The city of Hinesville will start the search for a new Police chief. The decision to open the vacancy for applicants came during a special called meeting held Thursday before the city Council’s regular meeting.
During the meeting, Mayor Allen Brown and council decided to keep the current organizational structure and not move forward with the creation of a public safety director.
Talks about creating the position was originally brought up during the 2017 city planning workshop, however a transition plan was not developed until the topic resurfaced during the Feb. 15 council meeting.
The plan was to be considered upon the vacancy of the existing police or fire chief, due to retirement. The city was to review the plan and determine whether to move forward with the new position or keep the existing structure and replace an outgoing chief.
Hinesville Police Chief George Stagmeier announced his retirement, effective March 1.
Since the transition plan was not completed, Howard recommended and the council approved the appointment of Bill Kirkendall as interim chief.
At the Feb. 15 meeting the council moved to have a workshop to discuss the public safety director transition plan. That workshop was March 6.
At Thursday’s special meeting, Howard reviewed aspects of the plan, based on recommendations from the workshop. However council members Jason Floyd, Diana Reid and Kenneth Shaw each said that the current structure was serving the city’s needs and seemed to be what was best for the city.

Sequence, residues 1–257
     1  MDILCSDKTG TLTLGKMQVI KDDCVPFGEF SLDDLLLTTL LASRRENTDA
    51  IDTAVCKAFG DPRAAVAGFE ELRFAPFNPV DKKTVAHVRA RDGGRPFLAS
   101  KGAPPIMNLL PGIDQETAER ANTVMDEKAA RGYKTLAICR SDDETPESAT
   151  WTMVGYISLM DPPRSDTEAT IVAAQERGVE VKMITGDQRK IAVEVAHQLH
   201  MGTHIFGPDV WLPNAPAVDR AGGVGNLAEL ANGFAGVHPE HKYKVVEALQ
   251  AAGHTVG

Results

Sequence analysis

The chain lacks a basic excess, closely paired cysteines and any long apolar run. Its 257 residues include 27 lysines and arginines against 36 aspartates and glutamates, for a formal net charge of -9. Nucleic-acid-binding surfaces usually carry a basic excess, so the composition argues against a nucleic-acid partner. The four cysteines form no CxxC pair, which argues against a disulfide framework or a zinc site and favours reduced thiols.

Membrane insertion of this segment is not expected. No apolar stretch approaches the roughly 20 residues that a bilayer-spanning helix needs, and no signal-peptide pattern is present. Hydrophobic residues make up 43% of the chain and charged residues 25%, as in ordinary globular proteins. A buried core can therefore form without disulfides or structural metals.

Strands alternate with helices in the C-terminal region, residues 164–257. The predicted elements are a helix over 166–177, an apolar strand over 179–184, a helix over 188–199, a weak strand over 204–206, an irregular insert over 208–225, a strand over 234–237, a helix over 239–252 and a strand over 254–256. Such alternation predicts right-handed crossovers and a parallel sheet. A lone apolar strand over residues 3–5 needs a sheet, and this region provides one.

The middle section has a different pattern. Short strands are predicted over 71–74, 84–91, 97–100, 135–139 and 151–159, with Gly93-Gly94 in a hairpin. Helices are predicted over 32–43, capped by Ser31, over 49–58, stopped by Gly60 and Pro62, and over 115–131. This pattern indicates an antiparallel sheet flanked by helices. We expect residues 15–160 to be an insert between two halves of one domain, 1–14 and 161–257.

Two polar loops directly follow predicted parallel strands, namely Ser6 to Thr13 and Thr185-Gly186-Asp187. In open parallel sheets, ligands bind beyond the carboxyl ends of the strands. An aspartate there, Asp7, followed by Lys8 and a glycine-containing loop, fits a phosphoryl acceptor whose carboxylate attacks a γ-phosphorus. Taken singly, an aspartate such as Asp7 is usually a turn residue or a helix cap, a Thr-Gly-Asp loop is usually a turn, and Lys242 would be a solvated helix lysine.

Councilman Keith Jenkins said he knows of several small cities that have public safety directors overseeing the fire and police department. He added he also wants what is best for the city but also best for the budget.
Reid said when it comes to the lives of police officers, emergency personnel and firefighters, money should not be the bottom line.
"Don’t place a numeric value on cops, EMS and firefighters," she said. "When it comes to these people who put their lives on the line everyday, it’s not about saving money all the time. What is better for the community, as a whole, is to leave the structure as is."
Jenkins said he was okay if the structure remained as is but wanted an organizational chart prepared in case the city want revisits the idea. He added, however, that a salary range should be set and the vacancy should be opened for applications.
"So anyone internally or externally can apply for the job and be interviewed," he said.
Howard said city policy states that the city manager would review all applicants and then make a recommendation to council for approval.
The council and mayor also reviewed a proposal by Howard to restructure the assistant city manager position. While serving as the assistant manager, Howard also served as the city’s community development director. He said based on the amount of work, those positions should be separate.
The city manager’s pay is set at $137,112. Under his proposal the assistant city manager would start at $88,418 and the newly created community development director would start at $67,855.66.
Howard said if the proposal was approved and positions filled by June 1, the city would expend $73,355 less for salaries and payroll from the current fiscal year, but would need to allocate around $26,000 for the positions for FY 2019.
The council will consider the proposal which may be set for an action item for the next council meeting.